FIG. 6 illustrates a variation in the configuration of the reflector reflecting surface as designated 46'. As apparent in FIG. 6, the lower region 50' of the reflecting surface is provided with peenings 54' identical to those described above with respect to the embodiment of FIG. 5, and the peenings are vertically oriented wherein the major axis extends in a vertical direction with respect to the upper and lower regions of the reflector surface. However, in the lateral regions 52' and upper region 48' of the reflecting surface 46' a plurality of concentric flutes 56 are defined in the surface forming conical reflecting surfaces 58 and the surfaces 58 are stepped and concentric to the reflector axis as will be appreciated from FIGS. 6 and 8. The flutes 56 extend between the reflector inner surface definition lines 60 constituting 140° of the lateral and upper regions 52' and 48'. The terminating edges of the flutes 56 are located at 20° above the reflector Y axis as viewed in FIG. 7.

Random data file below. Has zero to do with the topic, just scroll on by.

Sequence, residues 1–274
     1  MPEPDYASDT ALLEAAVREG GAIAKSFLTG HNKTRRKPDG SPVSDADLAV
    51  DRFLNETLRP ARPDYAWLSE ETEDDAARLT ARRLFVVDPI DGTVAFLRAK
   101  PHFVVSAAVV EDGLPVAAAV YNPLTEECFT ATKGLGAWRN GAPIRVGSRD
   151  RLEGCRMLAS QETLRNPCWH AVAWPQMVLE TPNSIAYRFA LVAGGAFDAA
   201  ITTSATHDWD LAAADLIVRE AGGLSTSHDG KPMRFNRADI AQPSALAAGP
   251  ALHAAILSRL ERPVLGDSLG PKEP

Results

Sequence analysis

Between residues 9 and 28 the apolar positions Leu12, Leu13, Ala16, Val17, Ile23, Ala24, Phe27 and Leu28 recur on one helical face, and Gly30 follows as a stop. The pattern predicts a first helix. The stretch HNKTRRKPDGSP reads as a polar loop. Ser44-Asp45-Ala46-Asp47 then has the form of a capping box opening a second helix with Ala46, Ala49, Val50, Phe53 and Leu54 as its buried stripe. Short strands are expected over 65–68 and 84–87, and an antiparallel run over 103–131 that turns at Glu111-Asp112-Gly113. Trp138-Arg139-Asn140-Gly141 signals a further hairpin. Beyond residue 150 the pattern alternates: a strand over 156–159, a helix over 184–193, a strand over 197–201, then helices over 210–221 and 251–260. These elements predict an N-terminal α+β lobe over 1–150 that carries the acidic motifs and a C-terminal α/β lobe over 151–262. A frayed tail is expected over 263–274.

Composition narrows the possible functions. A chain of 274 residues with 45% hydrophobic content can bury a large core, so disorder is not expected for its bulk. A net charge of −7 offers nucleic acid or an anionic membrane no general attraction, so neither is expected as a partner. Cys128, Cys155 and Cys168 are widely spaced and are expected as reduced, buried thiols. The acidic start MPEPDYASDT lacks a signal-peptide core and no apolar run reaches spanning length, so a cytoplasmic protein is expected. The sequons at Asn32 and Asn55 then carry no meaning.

Throughout 20° of the flutes 56 above the flute definition lines 60 the flutes are formed with a plurality of elliptical recesses or depressions 62 having a major axis substantially concentrically related to the reflector axis and substantially conforming to the configuration of the associated flute. The major dimension of the depressions 62 in the circumferential direction is substantially twice that of the depression minor dimension, which is radially disposed, FIG. 12.
The flute surfaces 58 located at the reflector upper region 48' and intermediate the lateral regions 52' upon which the depressions 62 are formed, i.e. the upper 100° of the flutes 56, are free of depressions and the light reflected from the flute surfaces 58 will be reflected without diffusion or distortion.
Light being reflected from a reflector surface 46' shown in FIGS. 6-13 causes the light reflected from the peenings 54' located at the lower region to be formed in an oval pattern and the light will be substantially uniformly dispersed over the lighted area at the region closest to the luminaire as represented at area A in FIG. 4. Light reflected by the depressions 62 will not be diffused and dispersed to the extent as the light reflected by peenings 54', and such light will be reflected toward the area B as shown in FIG. 4